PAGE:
Pakistan’s new government just took an important first step to reducing its debt obligation to China


  • When Imran Khan was elected the Prime Minister of Pakistan in August, one of the major concerns he outlined was the country’s looming public debt crisis.
  • The new government of Pakistan has sought to curtail its debt obligation to China by preemptively reviewing all CPEC projects and renegotiating some of them.
  • Earlier this week, the country’s Railways Minister, Sheikh Rasheed, said that the government was curbing Chinese investment in its railways network from $8.2 billion to $6.2 billion.
When Imran Khan was elected the Prime Minister of Pakistan in August, one of the major concerns he outlined was the country’s looming public debt crisis. In fact, the reduction of debt and imposition of fiscal austerity were key components of his “New Vision” for Pakistan.

The China-Pakistan Economic Corridor (CPEC), which is part of the Belt and Road Initiative, is cited a major reason for Pakistan’ mounting debt obligations. Around $60 billion of infrastructure projects have been initiated by the Chinese government under the project, and Pakistan will be left to foot the bill for a majority of them.

Hence, the new government of Pakistan has sought to curtail its debt obligation to China by preemptively reviewing all CPEC projects and renegotiating some of them. Earlier this week, the country’s Railways Minister, Sheikh Rasheed, said that the government was curbing Chinese investment in its railways network from $8.2 billion to $6.2 billion.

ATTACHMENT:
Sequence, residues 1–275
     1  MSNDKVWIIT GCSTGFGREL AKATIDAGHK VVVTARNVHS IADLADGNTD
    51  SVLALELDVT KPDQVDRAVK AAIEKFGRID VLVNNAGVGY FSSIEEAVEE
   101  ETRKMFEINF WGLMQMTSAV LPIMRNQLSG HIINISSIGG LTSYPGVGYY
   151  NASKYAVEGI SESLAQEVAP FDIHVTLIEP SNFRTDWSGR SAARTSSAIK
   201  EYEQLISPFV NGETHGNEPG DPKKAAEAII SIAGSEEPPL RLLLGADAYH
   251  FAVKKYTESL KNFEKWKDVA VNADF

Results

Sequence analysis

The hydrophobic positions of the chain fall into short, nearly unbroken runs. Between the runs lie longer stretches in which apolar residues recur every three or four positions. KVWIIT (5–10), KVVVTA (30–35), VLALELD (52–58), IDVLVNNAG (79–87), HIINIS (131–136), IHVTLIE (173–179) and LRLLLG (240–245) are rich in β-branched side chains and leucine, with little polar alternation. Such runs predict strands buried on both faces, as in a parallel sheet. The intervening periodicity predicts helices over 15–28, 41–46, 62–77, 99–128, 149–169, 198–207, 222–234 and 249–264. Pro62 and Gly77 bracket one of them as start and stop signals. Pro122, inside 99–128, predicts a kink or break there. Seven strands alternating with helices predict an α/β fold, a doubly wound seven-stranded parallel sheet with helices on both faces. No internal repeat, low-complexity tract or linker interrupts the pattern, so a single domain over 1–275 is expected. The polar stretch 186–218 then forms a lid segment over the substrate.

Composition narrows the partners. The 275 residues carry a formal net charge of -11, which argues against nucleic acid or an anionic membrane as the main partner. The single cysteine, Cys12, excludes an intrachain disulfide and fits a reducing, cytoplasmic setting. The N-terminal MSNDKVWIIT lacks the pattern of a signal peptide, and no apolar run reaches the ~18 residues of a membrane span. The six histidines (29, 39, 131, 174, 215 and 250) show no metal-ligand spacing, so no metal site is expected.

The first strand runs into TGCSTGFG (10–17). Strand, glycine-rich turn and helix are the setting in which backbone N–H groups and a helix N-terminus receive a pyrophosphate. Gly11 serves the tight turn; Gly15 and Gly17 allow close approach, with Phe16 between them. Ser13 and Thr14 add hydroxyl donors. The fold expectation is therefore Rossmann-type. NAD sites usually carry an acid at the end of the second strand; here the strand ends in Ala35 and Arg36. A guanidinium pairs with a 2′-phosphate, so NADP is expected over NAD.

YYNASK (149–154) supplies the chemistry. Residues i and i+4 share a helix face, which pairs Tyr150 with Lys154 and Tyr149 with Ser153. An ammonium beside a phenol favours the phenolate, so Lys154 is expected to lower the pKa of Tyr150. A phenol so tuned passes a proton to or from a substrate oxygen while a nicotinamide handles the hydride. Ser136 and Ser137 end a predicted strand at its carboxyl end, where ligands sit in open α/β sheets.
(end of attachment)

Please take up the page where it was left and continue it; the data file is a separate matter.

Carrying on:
The original loan of $8.2 billion was meant for the development of Main Line-1, a 1,872 km track from Karachi to Peshawar that functions as the backbone of the country’s rail system. The project was expected to increase the number of trains running on the track everyday from 32 to 171. However, with the reduced funding, this number will be significantly lower.

While this is the first concrete step by the new government to address concerns of a Chinese debt trap, this isn’t the first time the country has pushed back on investments under the CPEC. In November 2017, Pakistan decided to exclude the Diamer-Bhasha Dam, a $14 billion project, from the CPEC ambit after concluding that China’s financing conditions weren’t favourable. At the time, the government said it would fund the project itself.

The primary model for Chinese financing is a upfront investment which functions as a long-term loan payable by Pakistan. While the Pakistani government has suggested that China adopt a build-and-operate model, whereby it can earn back its investment through cash flows from the project, China is said to be against the idea as it doesn’t feel that most of the projects will be able to generate an acceptable level of profit.
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